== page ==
Technical Reports

The ICICS/CS Reading Room


2003 UBC CS Technical Report Abstracts

TR-2003-01 Giving a Compass to a Robot - Probabilistic Techniques for Simultaneous Localisation and Map Building (SLAM) in Mobile Robotics, December 20, 2002 R. W. v. L. Wenzel, 6 pages

An important feature of an autonomous mobile robotic system is its ability to accurately localize itself while simultaneously constructing a map of its environment. This problem is complicated because of its chicken-and-egg nature: in order to determine its location the robot needs to know the map, and in order to build an accurate map the robot must know where it is. In addition, a robust system must account for the noise in odometry and sensor readings. This project explores the probabilistic methods of solving the SLAM problem using Rao-Blackwellisation.

TR-2003-02 The Boolean Functions Computed by Random Boolean Formulas OR, January 30, 2003 Alex Brodsky and Nicholas Pippenger

How to Grow the Right Function probabilistic amplification, random Boolean functions were used for constructing reliable networks from unreliable components, and deriving complexity bounds of various classes of functions. Hence, determining the initial conditions for such processes is an important and challenging problem. In this paper we characterize growth processes by their initial conditions and derive conditions under which results such as Valiant's (Valiant, 1984) hold. First, we completely characterize growth processes that use linear connectives. Second, by extending Savick\'y's (Savick\'y, 1990) analysis, via ``Restriction Lemmas'', we characterize growth processes that use monotone connectives, and show that our technique is applicable to growth processes that use other connectives as well.

TR-2003-03 On the Complexity of Buffer Allocation in Message Passing Systems, January 30, 2003 Alex Brodsky, Jan B. Pedersen and Alan Wagner, 35 pages

Message passing programs commonly use buffers to avoid unnecessary synchronizations and to improve performance by overlapping communication with computation. Unfortunately, using buffers makes the program no longer portable, potentially unable to complete on systems without a sufficient number of buffers. Effective buffer use entails that the minimum number needed for a safe execution be allocated. We explore a variety of problems related to buffer allocation for safe and efficient execution of message passing programs. We show that determining the minimum number of buffers or verifying a buffer assignment are intractable problems. However, we give a polynomial time algorithm to determine the minimum number of buffers needed to allow for asynchronous execution. We extend these results to several different buffering schemes, which in some cases make the problems tractable.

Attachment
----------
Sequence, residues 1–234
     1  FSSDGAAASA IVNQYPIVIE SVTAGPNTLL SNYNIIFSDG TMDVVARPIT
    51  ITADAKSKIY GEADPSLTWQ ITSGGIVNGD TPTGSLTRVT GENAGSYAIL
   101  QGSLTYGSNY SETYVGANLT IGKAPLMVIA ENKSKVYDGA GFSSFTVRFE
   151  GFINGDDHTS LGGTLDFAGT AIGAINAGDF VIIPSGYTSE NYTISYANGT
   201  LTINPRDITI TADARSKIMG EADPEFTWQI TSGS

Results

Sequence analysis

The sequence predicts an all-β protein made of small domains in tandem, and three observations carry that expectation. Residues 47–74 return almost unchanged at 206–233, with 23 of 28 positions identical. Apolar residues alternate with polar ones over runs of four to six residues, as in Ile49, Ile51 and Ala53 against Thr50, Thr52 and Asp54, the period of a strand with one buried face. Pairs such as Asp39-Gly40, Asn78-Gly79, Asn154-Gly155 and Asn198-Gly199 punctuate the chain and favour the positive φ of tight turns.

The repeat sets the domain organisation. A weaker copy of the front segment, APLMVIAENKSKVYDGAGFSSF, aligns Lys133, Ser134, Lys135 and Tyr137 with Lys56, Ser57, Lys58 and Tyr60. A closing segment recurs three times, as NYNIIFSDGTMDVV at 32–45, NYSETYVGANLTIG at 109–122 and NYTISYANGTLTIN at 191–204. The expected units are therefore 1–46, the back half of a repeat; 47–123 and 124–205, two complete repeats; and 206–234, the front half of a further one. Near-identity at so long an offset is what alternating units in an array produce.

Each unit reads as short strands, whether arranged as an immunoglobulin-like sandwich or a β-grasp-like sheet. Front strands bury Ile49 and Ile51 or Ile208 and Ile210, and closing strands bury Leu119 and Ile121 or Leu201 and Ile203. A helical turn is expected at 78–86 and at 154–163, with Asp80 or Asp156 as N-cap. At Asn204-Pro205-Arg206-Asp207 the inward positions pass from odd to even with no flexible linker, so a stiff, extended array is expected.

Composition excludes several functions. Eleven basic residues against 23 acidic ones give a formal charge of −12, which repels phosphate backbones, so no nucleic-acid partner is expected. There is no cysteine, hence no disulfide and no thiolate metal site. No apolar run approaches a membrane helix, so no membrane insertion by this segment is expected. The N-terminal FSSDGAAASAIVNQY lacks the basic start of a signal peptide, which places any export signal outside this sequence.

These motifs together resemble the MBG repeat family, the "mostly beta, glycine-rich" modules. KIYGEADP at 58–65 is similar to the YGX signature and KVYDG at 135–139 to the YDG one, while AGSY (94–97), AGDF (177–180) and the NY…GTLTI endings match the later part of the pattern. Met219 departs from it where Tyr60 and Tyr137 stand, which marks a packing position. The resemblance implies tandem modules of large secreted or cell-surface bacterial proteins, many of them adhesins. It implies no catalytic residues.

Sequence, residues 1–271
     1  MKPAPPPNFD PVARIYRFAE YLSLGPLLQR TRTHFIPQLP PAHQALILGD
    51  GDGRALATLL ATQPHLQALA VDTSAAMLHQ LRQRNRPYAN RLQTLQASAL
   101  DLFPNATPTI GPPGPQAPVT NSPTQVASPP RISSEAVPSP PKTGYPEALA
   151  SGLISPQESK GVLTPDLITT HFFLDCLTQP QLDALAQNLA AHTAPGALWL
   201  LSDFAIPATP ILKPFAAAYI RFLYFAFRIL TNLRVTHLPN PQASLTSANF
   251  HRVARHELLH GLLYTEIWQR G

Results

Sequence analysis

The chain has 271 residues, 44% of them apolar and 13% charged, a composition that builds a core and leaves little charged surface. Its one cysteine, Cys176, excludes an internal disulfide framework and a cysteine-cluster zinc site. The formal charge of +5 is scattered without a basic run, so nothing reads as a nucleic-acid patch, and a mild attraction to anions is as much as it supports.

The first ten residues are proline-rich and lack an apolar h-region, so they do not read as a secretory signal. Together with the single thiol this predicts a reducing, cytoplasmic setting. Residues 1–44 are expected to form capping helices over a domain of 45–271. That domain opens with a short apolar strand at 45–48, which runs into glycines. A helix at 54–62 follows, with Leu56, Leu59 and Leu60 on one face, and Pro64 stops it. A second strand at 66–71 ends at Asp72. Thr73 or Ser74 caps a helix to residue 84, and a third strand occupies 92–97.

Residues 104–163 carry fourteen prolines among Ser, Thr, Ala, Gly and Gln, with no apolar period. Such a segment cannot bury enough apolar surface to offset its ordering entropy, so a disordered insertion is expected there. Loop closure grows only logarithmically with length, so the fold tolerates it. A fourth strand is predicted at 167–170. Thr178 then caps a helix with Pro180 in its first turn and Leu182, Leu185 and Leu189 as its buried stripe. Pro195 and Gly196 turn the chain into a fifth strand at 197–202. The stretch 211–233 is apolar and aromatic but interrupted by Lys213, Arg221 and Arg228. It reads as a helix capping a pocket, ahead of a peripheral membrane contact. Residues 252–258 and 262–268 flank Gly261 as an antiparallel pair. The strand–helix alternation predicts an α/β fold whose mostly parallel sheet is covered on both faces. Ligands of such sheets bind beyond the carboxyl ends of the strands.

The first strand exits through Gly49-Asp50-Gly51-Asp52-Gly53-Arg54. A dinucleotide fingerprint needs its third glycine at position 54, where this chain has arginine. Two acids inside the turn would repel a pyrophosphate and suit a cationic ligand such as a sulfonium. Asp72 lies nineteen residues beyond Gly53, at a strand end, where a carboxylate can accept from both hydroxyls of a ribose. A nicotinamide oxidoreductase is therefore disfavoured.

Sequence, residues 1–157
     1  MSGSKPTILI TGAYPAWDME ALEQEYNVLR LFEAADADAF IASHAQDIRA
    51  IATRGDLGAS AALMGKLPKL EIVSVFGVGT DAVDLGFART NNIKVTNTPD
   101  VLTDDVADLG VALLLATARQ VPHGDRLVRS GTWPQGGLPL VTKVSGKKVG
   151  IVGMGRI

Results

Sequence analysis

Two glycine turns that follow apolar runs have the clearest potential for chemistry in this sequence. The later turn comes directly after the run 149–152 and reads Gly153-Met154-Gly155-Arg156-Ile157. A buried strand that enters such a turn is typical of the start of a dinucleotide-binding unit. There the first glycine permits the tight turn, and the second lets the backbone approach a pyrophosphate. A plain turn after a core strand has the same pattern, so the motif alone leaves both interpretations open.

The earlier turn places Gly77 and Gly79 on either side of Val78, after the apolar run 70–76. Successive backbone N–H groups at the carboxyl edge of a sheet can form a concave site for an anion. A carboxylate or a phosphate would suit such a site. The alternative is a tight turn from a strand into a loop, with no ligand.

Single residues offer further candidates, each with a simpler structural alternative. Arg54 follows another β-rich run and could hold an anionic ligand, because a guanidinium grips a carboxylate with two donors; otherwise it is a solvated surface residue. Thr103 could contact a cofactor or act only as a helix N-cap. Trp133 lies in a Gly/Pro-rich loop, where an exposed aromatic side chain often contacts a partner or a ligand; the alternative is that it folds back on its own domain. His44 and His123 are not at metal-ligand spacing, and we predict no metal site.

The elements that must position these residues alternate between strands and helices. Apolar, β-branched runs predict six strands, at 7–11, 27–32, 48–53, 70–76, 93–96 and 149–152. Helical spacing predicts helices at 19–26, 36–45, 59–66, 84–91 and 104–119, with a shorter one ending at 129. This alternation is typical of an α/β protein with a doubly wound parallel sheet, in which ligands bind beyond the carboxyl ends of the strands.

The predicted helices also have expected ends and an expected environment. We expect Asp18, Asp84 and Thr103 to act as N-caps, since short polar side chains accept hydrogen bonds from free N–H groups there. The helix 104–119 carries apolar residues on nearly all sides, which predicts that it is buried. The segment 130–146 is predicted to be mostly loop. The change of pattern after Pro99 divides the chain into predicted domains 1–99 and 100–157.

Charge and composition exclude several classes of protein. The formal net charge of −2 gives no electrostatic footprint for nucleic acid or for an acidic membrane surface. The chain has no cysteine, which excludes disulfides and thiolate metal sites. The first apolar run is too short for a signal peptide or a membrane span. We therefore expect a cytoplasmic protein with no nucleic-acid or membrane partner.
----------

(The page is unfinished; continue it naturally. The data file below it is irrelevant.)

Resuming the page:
TR-2003-04 Flexible and Local Isosurfaces - Using Topology for Exploratory Visualization, February 10, 2003 Hamish Carr and Jack Snoeyink, 18 pages

The contour tree is a topological abstraction of a scalar field, used to accelerate isosurface extraction and to represent the topology of the scalar field visually. We simplify the minimal seed sets of van Kreveld et al. by extracting isosurface seeds directly from the contour tree at run-time, and by guaranteeing that no redundant seeds are generated. We then extend the contour spectrum of Bajaj et al. as an interface for flexible isosurfaces, in which individual contour surfaces with different isovalues can be displayed, manipulated and annotated. Finally, we show that the largest contour segmentation of Manders et al., in which separate surfaces are generated for each local maximum of the field, is in fact a special case of the flexible isosurface.

TR-2003-05 Bayesian Models for Massive Multimedia Databases: A New Frontier, February 18, 2003 Nando de Freitas, Eric Brochu, Kobus Barnard, Pinar Duygulu and David Forsyth, 12 pages

Modelling the increasing number of digital databases (the web, photo-libraries, music collections, news archives, medical databases) is one of the greatest challenges of statisticians in the new century. Despite the large amounts of data, the models are so large that they motivate the use of Bayesian models. In particular, the Bayesian perspective allows us to perform automatic regularisation to obtain sparse and coherent models. It also enables us to encode a priori knowledge, such as word, music and image preferences. The learned models can be used for browsing digital databases, information retrieval with image, music and/or text queries, image annotation (adding words to an image), text illustration (adding images to a text), and object recognition.

TR-2003-06 A Study of Program Evolution Involving Scattered Concerns, March 26, 2003 Martin P Robillard and Gail C. Murphy, 11 pages